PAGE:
Working in partnership with the Department for Education, Bath Spa University and the Sigma Teaching School Alliance

The long-awaited Adrian Smith Review is seemingly imminent. The implications of the review will be far-reaching for Mathematics not just for post-16 education but for students of all ages in UK schools.

One key ingredient of the review will be the continuing role of Core Maths and its relevancy in establishing Maths post-16. The current government’s wish would be for all students to study Mathematics beyond GCSE. The backing and funding of such a relevant course as Core Maths must surely be on the agenda and should be endorsed by all. In the past couple of weeks I have been struck for the enthusiasm for Core Maths amongst students and teachers alike and the opportunities it gives our young people. The knock-on effect for the economy can also not be understated.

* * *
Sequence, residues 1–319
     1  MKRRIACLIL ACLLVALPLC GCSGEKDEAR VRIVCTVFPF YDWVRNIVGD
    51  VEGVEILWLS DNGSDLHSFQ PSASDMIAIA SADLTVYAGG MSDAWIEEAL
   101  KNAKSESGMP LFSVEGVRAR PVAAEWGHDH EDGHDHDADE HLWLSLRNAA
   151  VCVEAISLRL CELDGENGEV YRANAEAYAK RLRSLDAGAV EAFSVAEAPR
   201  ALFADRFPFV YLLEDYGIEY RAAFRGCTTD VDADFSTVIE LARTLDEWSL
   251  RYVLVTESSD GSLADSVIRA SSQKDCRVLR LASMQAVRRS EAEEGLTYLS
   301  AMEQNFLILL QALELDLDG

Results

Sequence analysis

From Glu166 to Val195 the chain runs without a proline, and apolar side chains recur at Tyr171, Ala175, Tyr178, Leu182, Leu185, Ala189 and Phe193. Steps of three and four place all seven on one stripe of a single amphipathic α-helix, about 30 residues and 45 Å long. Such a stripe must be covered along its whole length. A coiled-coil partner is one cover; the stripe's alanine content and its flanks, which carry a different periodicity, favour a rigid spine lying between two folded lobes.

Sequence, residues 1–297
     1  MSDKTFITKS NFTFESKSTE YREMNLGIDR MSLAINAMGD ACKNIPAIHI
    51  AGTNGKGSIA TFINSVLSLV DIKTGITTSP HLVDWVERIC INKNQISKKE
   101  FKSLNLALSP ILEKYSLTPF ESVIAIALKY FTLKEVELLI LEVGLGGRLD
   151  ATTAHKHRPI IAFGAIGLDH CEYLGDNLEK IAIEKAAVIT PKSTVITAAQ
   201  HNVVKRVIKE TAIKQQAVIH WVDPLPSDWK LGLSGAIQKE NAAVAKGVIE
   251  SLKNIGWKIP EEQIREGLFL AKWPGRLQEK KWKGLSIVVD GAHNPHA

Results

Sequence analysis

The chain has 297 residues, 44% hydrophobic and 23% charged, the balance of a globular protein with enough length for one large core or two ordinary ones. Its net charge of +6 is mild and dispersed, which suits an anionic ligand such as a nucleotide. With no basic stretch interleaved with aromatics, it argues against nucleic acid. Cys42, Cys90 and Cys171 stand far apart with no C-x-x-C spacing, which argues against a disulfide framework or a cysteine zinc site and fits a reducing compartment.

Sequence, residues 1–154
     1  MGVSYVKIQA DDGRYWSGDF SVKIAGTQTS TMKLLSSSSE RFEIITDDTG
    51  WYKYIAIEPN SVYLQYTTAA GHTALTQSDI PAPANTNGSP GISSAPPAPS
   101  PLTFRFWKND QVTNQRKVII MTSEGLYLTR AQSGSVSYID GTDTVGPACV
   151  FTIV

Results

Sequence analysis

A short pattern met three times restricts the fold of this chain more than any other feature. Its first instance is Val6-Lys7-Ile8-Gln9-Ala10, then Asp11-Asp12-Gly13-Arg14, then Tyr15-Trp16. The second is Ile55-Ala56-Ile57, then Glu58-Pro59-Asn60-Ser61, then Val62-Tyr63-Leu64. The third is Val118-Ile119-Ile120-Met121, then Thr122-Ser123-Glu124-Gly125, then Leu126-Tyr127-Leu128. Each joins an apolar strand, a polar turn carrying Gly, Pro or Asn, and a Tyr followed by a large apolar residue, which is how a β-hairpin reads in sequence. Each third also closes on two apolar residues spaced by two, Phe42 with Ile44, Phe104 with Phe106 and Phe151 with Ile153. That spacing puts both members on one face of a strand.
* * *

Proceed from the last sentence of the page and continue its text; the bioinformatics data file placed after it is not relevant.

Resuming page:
Obviously if more students are encouraged to take Maths post-16 then we need to train more Maths teachers. Here at Poole TSST you will be pleased to know that we are oversubscribed for our standard and fast-track programmes. Our wish is to establish an excellent, sustainable programme which helps and support local schools with the well-documented shortage of Maths teachers. Only this week Theresa May has been advocating a specialist Maths school in every town or city. I’m not sure this should be a priority at the moment; more that every school should access to high quality maths provision. How do we achieve this? Well, more specialist, collaborative pedagogy training and support, backed up by funding levels commensurate with the government’s stated desires to put UK Mathematics on an even keel with the best in the world. Can we do this without going abroad and recruiting from other countries? Surely as one of the world’s most advanced economies we can put our own house in order.

We await Adrian Smith’s Review with much anticipation and hope for the future.


Andy Oldman